Americanization of Native Americans Education or Genocide

Essay by karlrUniversity, Bachelor'sA+, April 2004

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Americanization: The Beginning

Throughout history there have been dominant and subordinate groups, of different cultures, living in the same geographical area. In what is now known as the United States, two of these cultures are the dominant Europeans and the subordinate Natives Americans. These natives who have lived on the North American continent for over 10,000 years in a semi-peaceful existence had no idea of the tragedy that would beset them. Starting almost 500 years ago, explorers and settlers from Europe would turn these natives' lives upside down and inside out. For the most part the natives of this vast continent greeted these visitors with open arms, by extending and offering trust and trade. Unbeknownst to the natives, these Europeans did not have their best intentions in mind. These same Europeans were here on the continent for expansion of their territory and conquest of the native population. They would do whatever it would take to insure their culture was the dominant force in this new land (Nies 1996: 126-127, Adams 1995: 12-13, Debo 1970: 40, Tigress, 2003).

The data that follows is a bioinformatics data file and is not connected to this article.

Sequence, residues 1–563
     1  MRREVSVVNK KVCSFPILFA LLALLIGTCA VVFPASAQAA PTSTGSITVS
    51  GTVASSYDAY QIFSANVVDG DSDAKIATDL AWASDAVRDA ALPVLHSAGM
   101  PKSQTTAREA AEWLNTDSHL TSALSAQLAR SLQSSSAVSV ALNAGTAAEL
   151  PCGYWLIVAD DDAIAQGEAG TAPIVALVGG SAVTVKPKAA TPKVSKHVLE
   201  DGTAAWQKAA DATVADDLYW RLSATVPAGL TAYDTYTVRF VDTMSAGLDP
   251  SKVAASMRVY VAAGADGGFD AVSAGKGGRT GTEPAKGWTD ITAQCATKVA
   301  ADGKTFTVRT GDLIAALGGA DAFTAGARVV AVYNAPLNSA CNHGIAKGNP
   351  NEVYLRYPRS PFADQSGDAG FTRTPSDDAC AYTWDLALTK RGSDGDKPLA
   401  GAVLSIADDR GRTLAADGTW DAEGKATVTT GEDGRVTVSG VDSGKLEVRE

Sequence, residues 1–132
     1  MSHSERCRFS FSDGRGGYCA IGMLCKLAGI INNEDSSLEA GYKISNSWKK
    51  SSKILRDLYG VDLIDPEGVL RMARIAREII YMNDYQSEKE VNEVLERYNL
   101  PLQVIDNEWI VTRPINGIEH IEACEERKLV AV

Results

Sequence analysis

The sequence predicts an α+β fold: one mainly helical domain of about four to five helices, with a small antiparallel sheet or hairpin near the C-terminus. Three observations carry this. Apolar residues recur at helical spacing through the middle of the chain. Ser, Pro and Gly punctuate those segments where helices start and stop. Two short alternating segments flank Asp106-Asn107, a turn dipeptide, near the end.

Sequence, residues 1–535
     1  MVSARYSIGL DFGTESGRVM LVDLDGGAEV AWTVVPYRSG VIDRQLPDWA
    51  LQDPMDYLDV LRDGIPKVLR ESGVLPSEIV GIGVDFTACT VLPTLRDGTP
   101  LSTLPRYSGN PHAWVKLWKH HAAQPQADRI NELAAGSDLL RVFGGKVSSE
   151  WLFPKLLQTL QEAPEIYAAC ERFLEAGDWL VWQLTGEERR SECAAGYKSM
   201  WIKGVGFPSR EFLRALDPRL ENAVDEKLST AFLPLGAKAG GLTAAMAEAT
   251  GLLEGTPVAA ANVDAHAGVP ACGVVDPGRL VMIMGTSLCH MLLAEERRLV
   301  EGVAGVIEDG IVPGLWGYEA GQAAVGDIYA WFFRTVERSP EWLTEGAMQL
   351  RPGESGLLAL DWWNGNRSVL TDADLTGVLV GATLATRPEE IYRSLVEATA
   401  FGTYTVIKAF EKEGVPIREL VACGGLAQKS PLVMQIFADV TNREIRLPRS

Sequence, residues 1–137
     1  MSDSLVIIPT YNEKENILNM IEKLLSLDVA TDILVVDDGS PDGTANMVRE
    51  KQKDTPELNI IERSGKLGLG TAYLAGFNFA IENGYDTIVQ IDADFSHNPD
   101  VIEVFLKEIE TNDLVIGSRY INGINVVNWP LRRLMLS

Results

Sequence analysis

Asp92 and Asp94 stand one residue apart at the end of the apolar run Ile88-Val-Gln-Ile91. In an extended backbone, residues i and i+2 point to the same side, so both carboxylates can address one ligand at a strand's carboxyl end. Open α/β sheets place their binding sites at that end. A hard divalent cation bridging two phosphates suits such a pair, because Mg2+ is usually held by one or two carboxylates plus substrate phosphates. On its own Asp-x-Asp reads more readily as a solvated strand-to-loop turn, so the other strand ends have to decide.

This paper will compare and contrast how the Spanish, French, and English cultures exploited the Native Americans. Education became their political ploy to steal land for their own use, and in the process exterminate the natives who had inhabited and cared for the land. The dominant group, who at first tried to exterminate the natives, eventually learned that it was more cost effective to reeducate the surviving Native Americans into their own culture, and in the process the Native Americans would lose their own identity and ways. This paper will conclude that in spite of the dominant culture's efforts to reeducate the Native Americans, these indigenous people did not fully assimilate. Instead, in the latter part of the twentieth century the Native Americans...